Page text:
With 'Wind River,' Oscar nominee Taylor Sheridan captures a chill of the soul

For the last two years, movie audiences have been treated to scripts by former actor Taylor Sheridan. These are character-rich pieces that quietly subvert their genres’ predecessors (David Mackenzie’s Oscar-nominated western "Hell or High Water") or upend them entirely (Denis Villeneuve’s drug-trade thriller "Sicario").

Turns out, Sheridan has been saving his boldest work for himself.

"I always knew I wanted to direct this screenplay," Sheridan, 46, said by phone recently from his home in Wyoming. "So, I just didn't show it to anybody. I hid it in a drawer for three years and just waited."

The film in question is "Wind River," a snow-bound thriller that will evoke "A Simple Plan" and a host of Coen Bros. works while retaining a style that's distinctly Sheridan-esque. The waiting? Well, that was done so he could build enough of a track record for financiers to feel comfortable with him directing too.

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The years paid off. The third in the writer's so-called frontier trilogy, "Wind River" examines big themes like Native American-white tensions, geography-as-destiny and the residual nature of grief, all in the context of a potboiler. (The Weinstein Co. film opens in August.)

Sheridan's directorial debut concerns a government animal trapper named Cory Lambert (Jeremy Renner), who lives in the rugged and wintry mountains of Wyoming. He was once happily married to a Native American woman and had two kids but now nurses a private pain due to a family tragedy — a tragedy that impels him to investigate the death of a young Native American woman on nearby reservation land.

Far from a simple procedural, however, "Wind River" ups the cultural stakes when a Florida-born FBI agent (Elizabeth Olsen) flies in to help solve the case, bringing the investigation into conflict with the closed Native American community. As with Sheridan's previous work, the setting plays a key role; after the dusty-plained Texas of his earlier work, “Wind River” centers on an unforgiving-but-resplendent snow, shot so strikingly that just looking it can practically give you frostbite.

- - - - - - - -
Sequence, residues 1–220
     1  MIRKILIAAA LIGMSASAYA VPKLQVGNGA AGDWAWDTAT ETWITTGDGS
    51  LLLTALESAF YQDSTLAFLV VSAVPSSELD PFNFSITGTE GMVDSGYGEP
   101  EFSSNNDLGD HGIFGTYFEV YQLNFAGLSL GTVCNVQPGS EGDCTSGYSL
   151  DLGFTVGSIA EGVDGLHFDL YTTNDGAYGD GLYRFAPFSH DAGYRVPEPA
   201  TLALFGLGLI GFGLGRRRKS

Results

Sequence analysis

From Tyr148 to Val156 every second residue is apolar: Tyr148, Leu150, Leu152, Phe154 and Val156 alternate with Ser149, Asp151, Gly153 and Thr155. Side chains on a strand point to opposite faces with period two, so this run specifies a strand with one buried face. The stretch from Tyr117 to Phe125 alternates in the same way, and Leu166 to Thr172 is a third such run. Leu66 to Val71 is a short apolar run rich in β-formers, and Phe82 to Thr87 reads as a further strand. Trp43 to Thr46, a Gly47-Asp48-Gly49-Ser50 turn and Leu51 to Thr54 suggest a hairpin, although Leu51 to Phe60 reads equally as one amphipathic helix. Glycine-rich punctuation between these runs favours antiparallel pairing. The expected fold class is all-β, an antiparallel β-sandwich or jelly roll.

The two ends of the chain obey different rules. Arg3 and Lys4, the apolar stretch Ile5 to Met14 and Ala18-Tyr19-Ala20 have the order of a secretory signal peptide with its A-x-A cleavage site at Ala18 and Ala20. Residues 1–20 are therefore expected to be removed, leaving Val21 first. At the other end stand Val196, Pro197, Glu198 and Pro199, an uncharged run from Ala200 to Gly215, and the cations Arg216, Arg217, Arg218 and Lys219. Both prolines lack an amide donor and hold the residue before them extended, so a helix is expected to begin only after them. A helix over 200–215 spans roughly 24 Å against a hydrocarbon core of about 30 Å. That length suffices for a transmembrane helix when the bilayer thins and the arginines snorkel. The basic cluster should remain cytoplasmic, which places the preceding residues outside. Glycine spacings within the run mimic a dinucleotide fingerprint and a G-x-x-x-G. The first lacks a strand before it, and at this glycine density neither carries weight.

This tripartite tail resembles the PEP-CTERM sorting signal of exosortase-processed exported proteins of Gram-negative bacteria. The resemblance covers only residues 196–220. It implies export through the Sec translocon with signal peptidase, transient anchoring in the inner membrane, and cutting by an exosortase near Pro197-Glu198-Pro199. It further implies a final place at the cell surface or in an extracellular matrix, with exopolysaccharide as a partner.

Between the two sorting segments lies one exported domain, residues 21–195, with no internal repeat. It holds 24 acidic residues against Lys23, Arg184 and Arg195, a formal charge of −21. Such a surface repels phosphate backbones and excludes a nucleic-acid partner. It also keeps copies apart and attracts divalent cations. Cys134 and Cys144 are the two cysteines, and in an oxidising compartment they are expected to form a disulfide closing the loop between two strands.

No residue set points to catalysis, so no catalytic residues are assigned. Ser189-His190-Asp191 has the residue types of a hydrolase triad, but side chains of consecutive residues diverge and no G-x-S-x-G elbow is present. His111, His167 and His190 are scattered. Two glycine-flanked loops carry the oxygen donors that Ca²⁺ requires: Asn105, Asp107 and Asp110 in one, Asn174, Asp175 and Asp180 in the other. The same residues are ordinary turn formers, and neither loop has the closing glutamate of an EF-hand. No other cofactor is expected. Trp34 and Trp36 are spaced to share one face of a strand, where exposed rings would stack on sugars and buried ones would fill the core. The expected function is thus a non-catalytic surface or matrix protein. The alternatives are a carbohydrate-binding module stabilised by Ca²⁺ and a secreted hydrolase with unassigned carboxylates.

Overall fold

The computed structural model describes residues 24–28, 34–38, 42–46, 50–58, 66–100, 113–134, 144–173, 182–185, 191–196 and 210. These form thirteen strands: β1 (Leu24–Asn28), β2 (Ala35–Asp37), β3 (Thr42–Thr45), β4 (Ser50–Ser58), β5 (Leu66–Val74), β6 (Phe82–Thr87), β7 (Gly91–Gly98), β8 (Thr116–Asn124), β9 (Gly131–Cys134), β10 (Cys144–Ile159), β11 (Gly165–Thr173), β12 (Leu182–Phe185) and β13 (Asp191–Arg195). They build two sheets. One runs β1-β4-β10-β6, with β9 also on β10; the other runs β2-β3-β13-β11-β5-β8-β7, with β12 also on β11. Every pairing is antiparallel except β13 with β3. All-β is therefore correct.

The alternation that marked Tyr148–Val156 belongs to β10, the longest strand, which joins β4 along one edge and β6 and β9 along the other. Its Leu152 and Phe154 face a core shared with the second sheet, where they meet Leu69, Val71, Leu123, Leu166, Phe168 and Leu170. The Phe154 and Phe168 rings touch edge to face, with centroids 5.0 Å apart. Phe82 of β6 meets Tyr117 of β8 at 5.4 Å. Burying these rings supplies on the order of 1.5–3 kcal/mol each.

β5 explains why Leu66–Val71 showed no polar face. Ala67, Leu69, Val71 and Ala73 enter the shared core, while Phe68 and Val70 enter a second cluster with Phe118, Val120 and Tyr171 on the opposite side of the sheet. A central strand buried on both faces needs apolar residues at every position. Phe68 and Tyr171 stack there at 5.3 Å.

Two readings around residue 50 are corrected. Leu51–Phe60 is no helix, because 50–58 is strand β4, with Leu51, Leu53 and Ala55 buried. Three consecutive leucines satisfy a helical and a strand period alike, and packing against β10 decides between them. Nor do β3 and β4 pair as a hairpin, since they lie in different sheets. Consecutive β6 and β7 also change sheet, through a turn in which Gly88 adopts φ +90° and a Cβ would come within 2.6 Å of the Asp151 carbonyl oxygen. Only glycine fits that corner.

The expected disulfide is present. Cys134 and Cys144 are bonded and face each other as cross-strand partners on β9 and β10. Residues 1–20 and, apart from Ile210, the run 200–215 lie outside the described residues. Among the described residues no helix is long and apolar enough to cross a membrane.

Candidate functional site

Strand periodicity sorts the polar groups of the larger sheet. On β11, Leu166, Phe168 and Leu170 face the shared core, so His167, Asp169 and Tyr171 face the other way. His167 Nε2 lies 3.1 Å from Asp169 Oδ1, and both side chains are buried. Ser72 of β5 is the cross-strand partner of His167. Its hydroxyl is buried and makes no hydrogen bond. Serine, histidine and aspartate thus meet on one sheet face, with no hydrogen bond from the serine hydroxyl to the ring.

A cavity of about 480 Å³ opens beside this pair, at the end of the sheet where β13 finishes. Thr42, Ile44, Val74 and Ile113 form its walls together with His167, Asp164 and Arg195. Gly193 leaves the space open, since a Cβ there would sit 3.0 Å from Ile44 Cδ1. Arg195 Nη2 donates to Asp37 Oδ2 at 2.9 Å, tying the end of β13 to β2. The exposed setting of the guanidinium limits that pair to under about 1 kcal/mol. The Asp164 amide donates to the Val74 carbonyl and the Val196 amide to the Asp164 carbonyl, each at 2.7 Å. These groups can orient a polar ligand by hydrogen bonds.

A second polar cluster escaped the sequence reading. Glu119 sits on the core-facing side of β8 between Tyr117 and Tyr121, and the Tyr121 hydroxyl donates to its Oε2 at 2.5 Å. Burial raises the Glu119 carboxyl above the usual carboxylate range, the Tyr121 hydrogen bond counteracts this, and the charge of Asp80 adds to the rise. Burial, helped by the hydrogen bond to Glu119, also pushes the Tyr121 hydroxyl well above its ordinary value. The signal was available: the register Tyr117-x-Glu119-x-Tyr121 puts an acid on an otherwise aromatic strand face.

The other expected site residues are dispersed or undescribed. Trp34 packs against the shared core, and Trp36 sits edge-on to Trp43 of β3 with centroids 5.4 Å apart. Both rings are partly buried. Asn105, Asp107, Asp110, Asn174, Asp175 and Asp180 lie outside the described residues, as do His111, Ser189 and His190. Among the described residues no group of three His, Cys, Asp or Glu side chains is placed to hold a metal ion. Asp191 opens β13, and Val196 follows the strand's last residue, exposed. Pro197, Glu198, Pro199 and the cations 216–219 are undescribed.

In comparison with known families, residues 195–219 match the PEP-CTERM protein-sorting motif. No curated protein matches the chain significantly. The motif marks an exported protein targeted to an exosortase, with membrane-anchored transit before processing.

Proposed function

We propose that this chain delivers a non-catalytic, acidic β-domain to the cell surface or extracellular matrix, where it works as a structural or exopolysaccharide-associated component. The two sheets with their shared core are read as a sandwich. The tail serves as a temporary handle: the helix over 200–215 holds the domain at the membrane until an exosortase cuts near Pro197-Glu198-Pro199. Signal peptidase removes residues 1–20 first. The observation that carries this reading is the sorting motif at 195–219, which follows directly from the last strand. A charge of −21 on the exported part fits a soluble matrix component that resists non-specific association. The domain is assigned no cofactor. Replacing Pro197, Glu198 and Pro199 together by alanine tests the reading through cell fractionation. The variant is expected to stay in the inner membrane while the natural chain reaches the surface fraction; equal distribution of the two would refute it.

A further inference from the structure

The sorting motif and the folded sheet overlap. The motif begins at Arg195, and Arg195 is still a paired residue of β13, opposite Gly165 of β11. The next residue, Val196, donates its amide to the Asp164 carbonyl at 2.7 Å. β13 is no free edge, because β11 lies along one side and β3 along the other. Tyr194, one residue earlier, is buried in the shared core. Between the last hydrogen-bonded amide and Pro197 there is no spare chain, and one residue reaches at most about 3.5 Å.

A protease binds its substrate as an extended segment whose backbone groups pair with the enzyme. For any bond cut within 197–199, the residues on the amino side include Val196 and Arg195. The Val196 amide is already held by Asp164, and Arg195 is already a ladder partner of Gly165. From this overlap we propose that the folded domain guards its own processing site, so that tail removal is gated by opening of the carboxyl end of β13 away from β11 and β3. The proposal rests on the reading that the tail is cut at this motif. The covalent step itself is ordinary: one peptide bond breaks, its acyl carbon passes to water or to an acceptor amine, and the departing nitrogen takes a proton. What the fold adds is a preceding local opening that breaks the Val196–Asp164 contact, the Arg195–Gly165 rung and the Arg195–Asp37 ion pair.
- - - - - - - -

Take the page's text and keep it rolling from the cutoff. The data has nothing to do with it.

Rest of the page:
The character details are equally clarified. Whether it’s Lambert's tortured soul or the wary Native Americans, the people of "Wind River" are textured and lived-in, with quirks and flaws.

"I like writing love poems to these places," Sheridan said. "But as someone who tries to be a naturalistic storyteller, my love poems do point out the warts."

The filmmaker spent much of his adolescence in Wyoming after his parents divorced; the movie is informed by his time there. In fact, Sheridan (TV fans will recall him as David Hale from "Sons of Anarchy") moved back to the region four years ago, leaving Los Angeles with his wife around the time his child was born. He now splits his time between Wyoming and the Park City, Utah, area, living a life of writerly isolation. ("I don't even know what a siren is anymore. If I hear a one, I can call and ask, 'Uh oh, what happened to Bob?’”)

He also spent part of his 20s on a reservation, finding the simplicity as appealing as he did the social challenges distressing. He believes reservations to be a natural spot for a story about an unsolved assault, in part because of the skepticism with which Native American leaders regard white America, in part because they’re in places with little media or means of communication.

That remoteness was no production deterrent, however. Sheridan and his cinematographer, Ben Richardson, undertook some serious challenges shooting in Wyoming and northern Utah — not least of which was getting camera rigs in places only snowmobiles tread. (He used a lot of handhelds.)

They also had to contend with erratic snow patterns. The film needed snow, and it's too expensive on an indie budget to manufacture or CG any of it in. That could seriously throw off his filming, so Sheridan designed an entire alternate shoot schedule that would allow him to shift his plan with the weather.

Sheridan, who cites Clint Eastwood and Michael Mann as influences for what he calls “naturalistic genre films,” says he thinks the modern way has actually been paved by another medium.

"Television is responsible for allowing these kinds of movies — whether you take ‘Breaking Bad’ or ‘The Sopranos" or any of the others, they were all trying to say something about the genre they live in."

Sheridan added, however, that the wide-screen format was critical for his style — and, equally important, for the empathy he wanted to create.

"I think film cannot only teleport you to places you don't know, but it can help you see people you thought were one way and in fact are another,” he said. “They can allow us to examine ourselves.”

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steven.zeitchik@latimes.com

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